Chamber musicians’ bucket lists most likely include performing at places like Carnegie Hall, collaborations with world renowned symphony orchestras and a Grammy spotlight. Acclaimed cellist Zuill Bailey can cross all those achievements off his list.
He’s up for multiple Grammys at next month’s ceremony. He’s performed on top of an inactive volcano, collaborated with the Chicago, Moscow, and Israel symphonies and last year alone, he recorded four albums. Yet despite his tremendous success and innumerable accolades, this world-class cellist remains humble and calls El Paso his home.
“I’m on the road constantly, surrounded by magnificent, inspiring people,” Bailey said. “I live in the amazing community of El Paso, with the people who’ve entrusted me to bring all the treasures of the world that I experience in my travels, back here to inspire our region.”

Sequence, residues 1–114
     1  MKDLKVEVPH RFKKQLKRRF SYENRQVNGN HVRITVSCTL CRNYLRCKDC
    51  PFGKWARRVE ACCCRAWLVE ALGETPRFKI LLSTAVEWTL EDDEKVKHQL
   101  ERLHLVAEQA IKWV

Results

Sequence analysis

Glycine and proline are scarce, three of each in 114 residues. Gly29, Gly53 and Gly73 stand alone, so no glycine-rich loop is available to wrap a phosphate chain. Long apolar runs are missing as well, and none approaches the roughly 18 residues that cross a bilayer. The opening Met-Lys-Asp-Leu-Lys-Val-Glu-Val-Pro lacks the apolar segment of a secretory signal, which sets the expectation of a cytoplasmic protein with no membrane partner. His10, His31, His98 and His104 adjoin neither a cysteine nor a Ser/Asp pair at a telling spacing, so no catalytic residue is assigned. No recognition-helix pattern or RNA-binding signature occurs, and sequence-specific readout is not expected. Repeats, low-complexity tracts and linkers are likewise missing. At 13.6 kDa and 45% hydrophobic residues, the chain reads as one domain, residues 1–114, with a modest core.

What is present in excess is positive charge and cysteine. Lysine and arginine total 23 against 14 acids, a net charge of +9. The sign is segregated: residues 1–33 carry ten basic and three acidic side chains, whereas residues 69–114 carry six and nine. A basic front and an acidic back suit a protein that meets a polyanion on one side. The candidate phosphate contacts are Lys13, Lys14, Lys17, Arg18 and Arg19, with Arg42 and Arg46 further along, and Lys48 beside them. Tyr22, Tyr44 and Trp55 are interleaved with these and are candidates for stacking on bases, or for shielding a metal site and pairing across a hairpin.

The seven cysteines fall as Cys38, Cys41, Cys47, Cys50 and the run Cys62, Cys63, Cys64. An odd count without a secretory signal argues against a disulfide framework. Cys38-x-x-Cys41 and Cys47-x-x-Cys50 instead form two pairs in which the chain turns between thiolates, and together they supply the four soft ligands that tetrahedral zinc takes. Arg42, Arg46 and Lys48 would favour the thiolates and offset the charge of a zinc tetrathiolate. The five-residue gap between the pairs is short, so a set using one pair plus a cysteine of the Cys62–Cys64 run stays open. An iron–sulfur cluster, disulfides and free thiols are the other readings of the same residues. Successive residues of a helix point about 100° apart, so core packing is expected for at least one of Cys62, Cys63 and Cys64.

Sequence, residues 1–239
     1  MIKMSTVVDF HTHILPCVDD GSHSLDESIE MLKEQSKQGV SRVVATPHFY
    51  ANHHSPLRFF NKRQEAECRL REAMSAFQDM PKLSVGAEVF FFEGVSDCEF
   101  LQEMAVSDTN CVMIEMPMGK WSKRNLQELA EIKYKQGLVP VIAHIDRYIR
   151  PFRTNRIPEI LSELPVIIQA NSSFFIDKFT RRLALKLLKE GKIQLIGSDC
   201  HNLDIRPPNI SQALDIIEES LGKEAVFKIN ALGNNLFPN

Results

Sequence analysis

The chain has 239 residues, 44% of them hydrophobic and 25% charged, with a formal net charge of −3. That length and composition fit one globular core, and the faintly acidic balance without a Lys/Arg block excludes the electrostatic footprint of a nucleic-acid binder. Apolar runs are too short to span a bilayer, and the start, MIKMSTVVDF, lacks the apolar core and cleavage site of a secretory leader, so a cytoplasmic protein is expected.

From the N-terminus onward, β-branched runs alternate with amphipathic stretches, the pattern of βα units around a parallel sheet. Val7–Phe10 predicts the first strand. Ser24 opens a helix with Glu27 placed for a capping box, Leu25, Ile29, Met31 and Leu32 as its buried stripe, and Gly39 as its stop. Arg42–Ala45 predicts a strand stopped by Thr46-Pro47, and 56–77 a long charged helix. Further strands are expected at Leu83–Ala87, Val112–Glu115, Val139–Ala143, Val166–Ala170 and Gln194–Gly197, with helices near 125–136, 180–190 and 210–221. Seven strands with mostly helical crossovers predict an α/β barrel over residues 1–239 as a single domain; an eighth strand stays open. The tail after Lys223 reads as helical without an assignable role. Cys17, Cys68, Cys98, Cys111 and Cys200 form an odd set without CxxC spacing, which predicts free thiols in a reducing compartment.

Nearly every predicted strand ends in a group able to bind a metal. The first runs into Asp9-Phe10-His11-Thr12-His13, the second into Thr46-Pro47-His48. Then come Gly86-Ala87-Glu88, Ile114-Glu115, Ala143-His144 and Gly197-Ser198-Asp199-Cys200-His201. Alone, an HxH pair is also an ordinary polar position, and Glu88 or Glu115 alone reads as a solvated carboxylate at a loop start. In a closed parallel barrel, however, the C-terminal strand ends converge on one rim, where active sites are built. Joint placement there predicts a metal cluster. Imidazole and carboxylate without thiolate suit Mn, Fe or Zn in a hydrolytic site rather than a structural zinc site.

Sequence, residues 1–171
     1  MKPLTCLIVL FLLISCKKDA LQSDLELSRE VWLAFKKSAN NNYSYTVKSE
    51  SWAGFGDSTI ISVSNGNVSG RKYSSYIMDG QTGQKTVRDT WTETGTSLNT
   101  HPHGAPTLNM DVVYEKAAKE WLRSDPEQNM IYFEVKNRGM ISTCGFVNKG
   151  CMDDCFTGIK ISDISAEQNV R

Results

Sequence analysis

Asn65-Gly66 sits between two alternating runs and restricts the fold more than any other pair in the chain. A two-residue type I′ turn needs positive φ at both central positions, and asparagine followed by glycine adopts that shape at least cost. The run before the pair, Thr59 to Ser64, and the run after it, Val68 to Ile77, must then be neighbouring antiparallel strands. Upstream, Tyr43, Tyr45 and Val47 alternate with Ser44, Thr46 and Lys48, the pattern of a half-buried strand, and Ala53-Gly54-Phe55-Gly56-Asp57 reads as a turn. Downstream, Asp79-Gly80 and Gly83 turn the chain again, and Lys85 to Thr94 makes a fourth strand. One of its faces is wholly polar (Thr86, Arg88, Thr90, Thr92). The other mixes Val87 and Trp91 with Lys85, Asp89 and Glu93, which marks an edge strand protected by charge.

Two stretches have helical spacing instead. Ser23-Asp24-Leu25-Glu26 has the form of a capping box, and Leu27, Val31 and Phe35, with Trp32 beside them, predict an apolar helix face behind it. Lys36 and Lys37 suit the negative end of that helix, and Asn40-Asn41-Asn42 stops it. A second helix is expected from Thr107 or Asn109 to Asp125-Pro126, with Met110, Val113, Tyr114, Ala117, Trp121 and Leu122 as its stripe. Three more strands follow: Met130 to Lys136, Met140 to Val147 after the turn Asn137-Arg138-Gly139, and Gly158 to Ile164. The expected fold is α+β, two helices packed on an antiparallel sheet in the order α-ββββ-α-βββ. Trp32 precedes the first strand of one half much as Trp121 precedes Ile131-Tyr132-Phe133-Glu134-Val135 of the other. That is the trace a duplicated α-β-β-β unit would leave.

As the artistic director of El Paso Pro-Musica, he does just that. The organization’s chamber music festival will culminate this weekend with Bailey’s collaborative performance alongside pianist Yuliya Gorenman. They’ll perform at the El Paso Museum of Art on Jan. 26, at New Mexico State University’s Atkinson Recital Hall on Jan. 27 and at the University of Texas at El Paso’s Fox Fine Arts Recital Hall on Jan. 28.
Late last year, Bailey received word that his work on award-winning performer and composer Michael Daugherty’s “Tales of Hemingway” was up for three Grammys. The nominations are for Best Classical Instrumental Solo, Best Classical Compendium and Best Contemporary Classical Composition.
“Everything’s been a complete vacuum since December,” he said. “I don’t quite know how to process it because it’s such a big deal.”
“Tales of Hemingway” was written for cello and orchestra and is an exquisite rendition of the tempestuous life and work of one of American literature’s greatest authors, Ernest Hemingway. Bailey’s contribution to the work is a cello concerto written expressly for him.
“What makes this piece so special is that it was written for me. It has my fingerprints all over it,” Bailey said. “The first performance on earth of it is on the CD, and I’ve been premiering it around the world.”